Yanelys Nuñez Leyva
HAVANA TIMES — “As a gesture of solidarity with the Palestinian people, Cuban artist Luis Manuel Alcantara made a gift to this nation through that country’s embassy in Havana, consisting of a group of home-made weapons collected from different neighborhoods around Havana. With this gesture, Alcantara expresses the fraternal spirit that has characterized the Cuban government in its struggle for world peace.”
The above lines make up the press the note this artist has been circulating through different means (e-mails, social networks and other digital fora) in recent days.
The series, titled Chong Chon Gang, stems from the first anniversary of the detention of the North Korean vessel of the same name, on which undeclared Cuban armaments were found.
However, one of the artist’s major preocupations is the Isreali-Palestinian conflict.
The performance begins with the purchase of weapons from young people living in marginal Havana neighborhoods, known in the underground as “injectors” (in reference to the fact these are assembled from car pieces). These are used as weapons in some neighborhoods around the Cuban capital.
The work is then developed in two parallel directions. One is the sending of an e-mail to the Palestinian Embassy in Havana, offering a donation of these weapons, and the publication of the press note in all conceivable spaces.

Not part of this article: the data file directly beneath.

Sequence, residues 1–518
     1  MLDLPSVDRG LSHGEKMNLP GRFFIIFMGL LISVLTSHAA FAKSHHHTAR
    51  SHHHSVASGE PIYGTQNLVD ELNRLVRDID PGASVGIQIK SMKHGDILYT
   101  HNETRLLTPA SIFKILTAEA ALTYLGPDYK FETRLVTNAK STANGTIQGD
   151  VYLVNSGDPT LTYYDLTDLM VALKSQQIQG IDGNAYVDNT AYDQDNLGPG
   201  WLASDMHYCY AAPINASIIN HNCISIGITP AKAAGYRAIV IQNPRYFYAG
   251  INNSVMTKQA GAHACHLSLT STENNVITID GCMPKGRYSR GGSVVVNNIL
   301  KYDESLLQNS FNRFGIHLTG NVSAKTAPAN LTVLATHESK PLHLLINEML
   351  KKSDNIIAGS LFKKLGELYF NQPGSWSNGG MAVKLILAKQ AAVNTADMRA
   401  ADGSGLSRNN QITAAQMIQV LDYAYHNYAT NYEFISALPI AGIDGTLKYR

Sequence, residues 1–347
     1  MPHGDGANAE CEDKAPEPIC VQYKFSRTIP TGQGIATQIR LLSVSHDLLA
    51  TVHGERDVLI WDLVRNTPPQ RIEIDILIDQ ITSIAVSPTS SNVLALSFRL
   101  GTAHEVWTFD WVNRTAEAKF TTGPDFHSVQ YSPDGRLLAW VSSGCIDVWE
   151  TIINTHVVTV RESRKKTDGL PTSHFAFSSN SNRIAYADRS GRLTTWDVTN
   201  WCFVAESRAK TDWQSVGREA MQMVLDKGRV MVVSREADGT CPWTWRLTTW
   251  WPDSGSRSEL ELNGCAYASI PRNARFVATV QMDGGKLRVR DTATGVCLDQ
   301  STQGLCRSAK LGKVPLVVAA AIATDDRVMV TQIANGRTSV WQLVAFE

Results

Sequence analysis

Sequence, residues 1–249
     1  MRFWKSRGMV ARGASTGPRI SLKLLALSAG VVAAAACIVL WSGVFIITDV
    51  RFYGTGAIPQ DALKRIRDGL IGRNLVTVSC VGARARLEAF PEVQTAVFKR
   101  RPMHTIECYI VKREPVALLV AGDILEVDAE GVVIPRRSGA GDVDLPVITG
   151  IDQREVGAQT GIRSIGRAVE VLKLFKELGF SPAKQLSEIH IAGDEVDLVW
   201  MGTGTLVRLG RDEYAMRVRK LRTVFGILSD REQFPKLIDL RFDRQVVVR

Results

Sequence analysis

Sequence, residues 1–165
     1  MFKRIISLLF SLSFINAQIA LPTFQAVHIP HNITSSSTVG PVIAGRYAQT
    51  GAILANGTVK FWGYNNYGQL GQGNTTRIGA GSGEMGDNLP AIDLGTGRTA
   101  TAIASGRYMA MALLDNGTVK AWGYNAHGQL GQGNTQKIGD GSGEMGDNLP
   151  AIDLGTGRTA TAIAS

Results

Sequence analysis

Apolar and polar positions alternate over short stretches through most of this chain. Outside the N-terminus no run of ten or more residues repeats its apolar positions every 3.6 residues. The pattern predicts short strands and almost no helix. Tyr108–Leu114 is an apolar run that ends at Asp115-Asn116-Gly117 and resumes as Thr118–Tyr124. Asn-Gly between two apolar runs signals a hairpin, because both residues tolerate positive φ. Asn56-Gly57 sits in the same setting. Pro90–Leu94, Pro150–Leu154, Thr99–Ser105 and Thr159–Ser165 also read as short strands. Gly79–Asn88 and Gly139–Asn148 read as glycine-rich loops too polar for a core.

Though these actions may be interpreted as pro-war at first glance or upon reading the press note in question, they are exactly the opposite of this.
When we look at the title of the work and see the photos of the makeshift (but nonetheless dangerous) weapons, we glimpse the true essence of the piece.
With a tongue-in-cheek tone and taking advantage of the broad scope of the media, Luis Manuel Alcantara risks divulging fictional information that, though clearly part of an artistic project, can well turn against him, as the possession of any type of weapon is illegal in Cuba.
Do the “injectors” in question actually work?
I am sure the artist would not answer this question and tell me that the important thing is the artistic intent behind the weapons.
The weapons are merely a means of attacking pre-conceived notions and violent attitudes and actions.